Wednesday, February 08, 2006

Bob Dylan Chronicles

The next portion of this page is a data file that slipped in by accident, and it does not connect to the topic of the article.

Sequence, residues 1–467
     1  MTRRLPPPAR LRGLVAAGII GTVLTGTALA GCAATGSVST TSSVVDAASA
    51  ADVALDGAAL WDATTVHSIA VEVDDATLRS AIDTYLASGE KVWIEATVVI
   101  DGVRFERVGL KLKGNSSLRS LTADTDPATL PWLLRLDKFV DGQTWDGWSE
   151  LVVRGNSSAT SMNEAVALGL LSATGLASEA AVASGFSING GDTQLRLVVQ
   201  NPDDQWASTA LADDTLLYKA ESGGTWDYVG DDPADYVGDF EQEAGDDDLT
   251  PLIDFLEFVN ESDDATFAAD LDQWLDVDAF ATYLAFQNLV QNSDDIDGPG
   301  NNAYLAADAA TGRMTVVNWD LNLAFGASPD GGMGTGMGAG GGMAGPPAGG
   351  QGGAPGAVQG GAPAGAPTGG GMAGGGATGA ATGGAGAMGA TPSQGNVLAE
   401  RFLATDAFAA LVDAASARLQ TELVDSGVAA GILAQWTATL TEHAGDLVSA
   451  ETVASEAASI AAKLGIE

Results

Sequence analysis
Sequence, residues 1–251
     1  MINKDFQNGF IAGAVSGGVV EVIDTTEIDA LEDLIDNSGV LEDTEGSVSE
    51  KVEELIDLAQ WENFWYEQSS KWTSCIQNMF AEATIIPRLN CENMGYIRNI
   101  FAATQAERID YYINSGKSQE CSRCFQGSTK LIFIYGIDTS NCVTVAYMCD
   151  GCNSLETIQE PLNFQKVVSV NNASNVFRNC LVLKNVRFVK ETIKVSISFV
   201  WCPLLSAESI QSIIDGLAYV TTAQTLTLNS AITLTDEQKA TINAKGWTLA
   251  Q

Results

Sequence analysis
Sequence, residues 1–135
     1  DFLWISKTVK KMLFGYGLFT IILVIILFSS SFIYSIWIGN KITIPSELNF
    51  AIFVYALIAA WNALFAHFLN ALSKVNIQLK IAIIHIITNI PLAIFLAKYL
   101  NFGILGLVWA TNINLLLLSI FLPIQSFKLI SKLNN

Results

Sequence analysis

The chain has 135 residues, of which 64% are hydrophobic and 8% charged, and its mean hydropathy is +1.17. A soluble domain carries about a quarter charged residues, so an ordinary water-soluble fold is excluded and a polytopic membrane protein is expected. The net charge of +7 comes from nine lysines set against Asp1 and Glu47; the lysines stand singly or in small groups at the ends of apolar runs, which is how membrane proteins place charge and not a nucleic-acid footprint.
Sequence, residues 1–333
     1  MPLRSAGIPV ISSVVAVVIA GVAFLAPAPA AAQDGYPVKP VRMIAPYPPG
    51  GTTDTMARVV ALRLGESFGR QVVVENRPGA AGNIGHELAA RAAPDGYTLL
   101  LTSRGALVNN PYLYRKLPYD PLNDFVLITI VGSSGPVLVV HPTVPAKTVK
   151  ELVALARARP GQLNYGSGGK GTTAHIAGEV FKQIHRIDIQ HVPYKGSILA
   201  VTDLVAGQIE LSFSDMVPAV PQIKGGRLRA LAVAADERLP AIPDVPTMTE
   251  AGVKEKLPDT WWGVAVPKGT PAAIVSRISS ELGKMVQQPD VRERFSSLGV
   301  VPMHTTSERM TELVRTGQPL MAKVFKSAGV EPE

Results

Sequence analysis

If Peter Guralnick's biography of Sam Cooke is the music book of 2006 then the Bob Dylan Chronicles is surely the music book of last year, not least because he name checks many of the great records and artists of the 50s and 60s. Bob Dylan divides rock and roll and soul fans down the middle - you either love him or hate him - but for me his first three LPs in particular stand out as some of the most moving and intense of all time. I was in the sixth form at school at the time and they bring back memories of A levels and lunchtime games of bridge at a friend's house near the school. Bob's lyrics brought home to me what the civil rights movement was all about and were a huge influence on me then and indeed now.One section of the book of particular interest to me was his recording sessions in New Orleans with Daniel Lanois. This was just about the time that Lanois produced the Neville Brothers' Yellow Moon album, which was never off my turntable at the time and was the musical backdrop for my first visit to the Big Easy in 1989.Dylan references some of New Orleans' greatest sounds and places, including Radio WWOZ and New Orleans R & B DJ Brown Sugar, whose sexy voice excited me when I first heard this fantastic radio station. (It was only much later that I saw her in the flesh - not quite the way I pictured her, but so what - the voice alone was enough to give me a hard on).In one passage Dylan recalls going to Irma Thomas's Lion's Den Club (now sadly derelict as a result of Harricane Katrina) but finding Irma not at home. He missed out on a magical experience, as I discovered many times on my visits to Jazzfest. One comment, though, perplexed me: Dylan claims that Irma's version of 'Fever' was to be heard on the jukeboxes all the time while he was there. But I don't recall Irma ever recording the song. Is he right or has his memory failed him for once?


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